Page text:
Patients want online communication with doctors, and more clinicians are listening

As people take on more DIY approaches in their daily lives for travel planning, photo management, and investing, they’re looking for health care touchpoints to do the same — especially, their physicians. In 2011, more doctors are responding to this patient-driven demand, based on data published in the InformationWeek digital health care issue July 25, 2011, titled The Pain of Change.

Most patients would be willing to change physician practices if their doctors don’t offer online access to tools, based on a recent survey from Intuit which Health Populi covered in March 2011 here.

For a long time, physicians were concerned about security in online messaging between their patients and their practices. Today, this is changing: InformationWeek Analytics’ 2011 Healthcare IT Priorities Survey finds that 24% of physicians reports “widespread” use of email to communicate with patients, shown in the bar chart. Privacy, security, liability, and reimbursement are the most-cited reasons for not engaging with physicians via email.

21% of physicians are regularly using a portal or website. Fewer than 1 in 10 doctors report “widespread” use of IM and videoconferencing. However, there is some limited use of social media, wikis, IM and videoconferencing, indicating the clinicians are stepping toes into these emerging platforms for patient communication.

There’s one aspect on which physicians and patients agree: most in each group aren’t keen to connect on Facebook….yet. Still, some providers are experimenting and learning about how to create trust and productive relationships in such online platforms, such as the Mayo Clinic which has a Facebook page and encourages patients to tell their stories on a  YouTube channel.

Health Populi’s Hot Points: Several forces are converging in the health market that will drive physicians to adopt online communication platforms for patient care:

  • Payment models that pay for performance and value, population health management, patient centered medical homes, and accountable care;
  • Meeting meaningful use criteria for EHR HITECH incentives;
  • Consumer demand for online tools, as demonstrated in the Intuit survey.

Many EHR vendors will help physicians to incorporate these platforms into their workflow, as the most popular digital records include patient portals that can enable people to check on their lab results online, tap into personal health records, and schedule appointments.

Furthermore, a few physicians’ professional associations are offering guidance and support for their constituents in adopting online communications with patients. The American College of Physicians has stated that, “e-health activities have the potential to transform the healthcare delivery system” and “advance the patient-centered” medical model. Perhaps the last constraint preventing the most risk-averse physicians will be legal liability. While health information technology promises lots of jobs for workers, there will be ample opportunities for the health care lawyers, as well.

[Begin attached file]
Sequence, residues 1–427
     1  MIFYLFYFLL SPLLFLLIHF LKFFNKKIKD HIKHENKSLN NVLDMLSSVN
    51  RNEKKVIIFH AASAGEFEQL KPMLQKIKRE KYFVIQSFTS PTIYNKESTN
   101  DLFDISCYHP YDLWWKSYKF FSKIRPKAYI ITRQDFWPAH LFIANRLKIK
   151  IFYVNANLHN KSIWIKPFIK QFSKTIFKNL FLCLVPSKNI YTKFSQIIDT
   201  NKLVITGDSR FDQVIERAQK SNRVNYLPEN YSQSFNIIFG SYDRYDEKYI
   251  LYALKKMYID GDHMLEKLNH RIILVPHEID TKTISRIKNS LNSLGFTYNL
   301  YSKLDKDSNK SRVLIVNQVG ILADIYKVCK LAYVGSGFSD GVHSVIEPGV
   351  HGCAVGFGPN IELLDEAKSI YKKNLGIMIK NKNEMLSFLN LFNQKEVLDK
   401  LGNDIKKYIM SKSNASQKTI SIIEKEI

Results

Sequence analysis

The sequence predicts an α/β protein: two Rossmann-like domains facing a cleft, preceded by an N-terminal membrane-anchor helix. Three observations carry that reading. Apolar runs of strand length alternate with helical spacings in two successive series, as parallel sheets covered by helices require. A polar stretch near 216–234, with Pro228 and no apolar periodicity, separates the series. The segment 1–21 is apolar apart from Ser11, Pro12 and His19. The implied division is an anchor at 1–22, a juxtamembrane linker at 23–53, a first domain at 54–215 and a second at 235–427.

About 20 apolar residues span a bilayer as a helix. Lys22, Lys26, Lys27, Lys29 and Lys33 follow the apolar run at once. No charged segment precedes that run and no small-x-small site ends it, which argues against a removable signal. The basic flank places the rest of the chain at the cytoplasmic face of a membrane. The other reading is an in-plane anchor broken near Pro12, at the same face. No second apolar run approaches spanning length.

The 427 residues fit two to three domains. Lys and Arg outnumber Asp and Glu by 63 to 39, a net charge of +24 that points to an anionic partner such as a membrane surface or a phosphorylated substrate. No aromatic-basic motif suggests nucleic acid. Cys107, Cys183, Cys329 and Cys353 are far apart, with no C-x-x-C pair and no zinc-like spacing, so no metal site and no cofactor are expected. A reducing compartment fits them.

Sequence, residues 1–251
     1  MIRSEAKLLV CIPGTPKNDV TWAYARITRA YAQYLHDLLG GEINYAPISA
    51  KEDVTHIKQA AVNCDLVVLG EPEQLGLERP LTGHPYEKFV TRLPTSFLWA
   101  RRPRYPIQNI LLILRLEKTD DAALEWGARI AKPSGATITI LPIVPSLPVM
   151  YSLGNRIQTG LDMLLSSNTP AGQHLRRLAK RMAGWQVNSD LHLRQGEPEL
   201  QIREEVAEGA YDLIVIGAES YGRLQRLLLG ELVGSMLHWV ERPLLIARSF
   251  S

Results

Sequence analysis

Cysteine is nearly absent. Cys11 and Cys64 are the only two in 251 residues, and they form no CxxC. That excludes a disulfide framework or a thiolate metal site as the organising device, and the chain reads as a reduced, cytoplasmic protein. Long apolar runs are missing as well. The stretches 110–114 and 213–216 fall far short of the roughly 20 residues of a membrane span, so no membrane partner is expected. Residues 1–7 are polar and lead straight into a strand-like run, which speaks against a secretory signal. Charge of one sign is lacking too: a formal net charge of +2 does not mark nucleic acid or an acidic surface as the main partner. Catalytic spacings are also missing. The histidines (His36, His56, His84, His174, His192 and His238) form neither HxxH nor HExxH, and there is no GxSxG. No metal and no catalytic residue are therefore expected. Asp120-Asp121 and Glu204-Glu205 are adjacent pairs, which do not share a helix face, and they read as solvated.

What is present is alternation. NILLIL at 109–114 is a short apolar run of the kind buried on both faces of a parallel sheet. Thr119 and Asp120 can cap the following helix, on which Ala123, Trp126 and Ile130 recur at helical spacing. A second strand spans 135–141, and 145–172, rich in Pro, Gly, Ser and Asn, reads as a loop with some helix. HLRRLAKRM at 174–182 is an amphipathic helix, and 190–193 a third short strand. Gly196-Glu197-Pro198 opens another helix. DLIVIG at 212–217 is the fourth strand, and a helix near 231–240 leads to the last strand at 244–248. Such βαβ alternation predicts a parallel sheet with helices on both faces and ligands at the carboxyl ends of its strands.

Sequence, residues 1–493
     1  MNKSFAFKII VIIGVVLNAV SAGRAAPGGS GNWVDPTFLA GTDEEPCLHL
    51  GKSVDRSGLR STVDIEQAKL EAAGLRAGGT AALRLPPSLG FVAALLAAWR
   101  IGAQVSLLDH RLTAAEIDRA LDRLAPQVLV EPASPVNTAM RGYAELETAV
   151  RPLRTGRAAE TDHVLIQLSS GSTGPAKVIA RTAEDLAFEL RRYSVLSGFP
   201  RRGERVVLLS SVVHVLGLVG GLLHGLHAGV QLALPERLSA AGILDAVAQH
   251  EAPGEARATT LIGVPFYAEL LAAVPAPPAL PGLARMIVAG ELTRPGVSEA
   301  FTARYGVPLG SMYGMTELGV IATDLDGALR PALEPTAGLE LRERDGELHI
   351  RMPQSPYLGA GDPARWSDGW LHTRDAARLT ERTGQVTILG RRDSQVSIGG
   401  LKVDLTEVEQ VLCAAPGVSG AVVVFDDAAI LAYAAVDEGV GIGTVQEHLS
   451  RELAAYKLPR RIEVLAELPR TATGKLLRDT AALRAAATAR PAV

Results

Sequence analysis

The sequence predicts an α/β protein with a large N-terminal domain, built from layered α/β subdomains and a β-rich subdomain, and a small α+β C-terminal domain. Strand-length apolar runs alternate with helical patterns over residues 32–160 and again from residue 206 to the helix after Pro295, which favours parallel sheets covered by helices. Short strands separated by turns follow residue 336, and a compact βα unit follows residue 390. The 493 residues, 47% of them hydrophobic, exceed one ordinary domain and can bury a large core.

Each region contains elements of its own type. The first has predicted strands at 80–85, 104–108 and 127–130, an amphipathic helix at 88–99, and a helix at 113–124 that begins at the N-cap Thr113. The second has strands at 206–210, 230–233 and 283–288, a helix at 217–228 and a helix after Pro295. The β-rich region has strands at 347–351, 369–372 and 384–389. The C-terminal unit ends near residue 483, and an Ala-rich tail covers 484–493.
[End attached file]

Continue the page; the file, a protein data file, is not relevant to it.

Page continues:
18 Responses to Patients want online communication with doctors, and more clinicians are listening

  1. rc July 27, 2011 at 3:38 am #

    So what next… tweeting and texting whenever wherever??? This is less a question of not being adaptable as much as recognizing limits.

    RC

  2. Marni Myers July 27, 2011 at 4:35 pm #

    It is surprising that more doctor-patient communication doesn’t take place online, given the abundance of health-related information on the internet. Most people I know turn to the internet first when investigating health issues, and many seek out advice from non-medical professionals through online support groups and user forums. There’s also a new online tools called CareCoach.com that can potentially connect doctors and patients virtually by letting users give others in their “care team” access to the health information they put on the site. Patients can record doctors’ visits using a cell phone, upload it to the site, and share the recording and other information with their care team, which could include their doctors. The patient-centered care movement seems to be gaining momentum and I’m hopeful these tools will propel it forward.

  3. Helena July 27, 2011 at 9:30 pm #

    As a nurse and obviously a patient at times, the idea of being able to communicate with my physician online would be fantastic.
    The ability to educate ourselves via the internet has been one of the greatest assets in my lifetime.
    In regards to being able to communicate with my Dr. via internet vs. office visit; Im thinking of the 2-3 times a year I get a sinus infection, in my 48 years the symptoms and routine are ALWAYS the same (call for appt., get “squeezed in”, go out in bad weather, set at the office among coughing, fevered, infected people, see the Dr or NP) pay the $70 office call, (by the way missing work?), get the RX and get well. Why not send my Dr. an online message with the same thing I will say in the office? I believe patients would be more apt to report physical ailments and with more accuracy if they were able to type it in a message, review it and submit to their Doctor. How often have we went to the Dr. and failed to report a symptom that we certainly should have only to feel no recourse without causing too much extra work. And the bulk of the baby boomers still avoid telling their Doctors what they really are experiencing. I have often heard that they don’t feel heard, or they feel like they are a burden, or they are embarrassed, or they think that they are overreacting.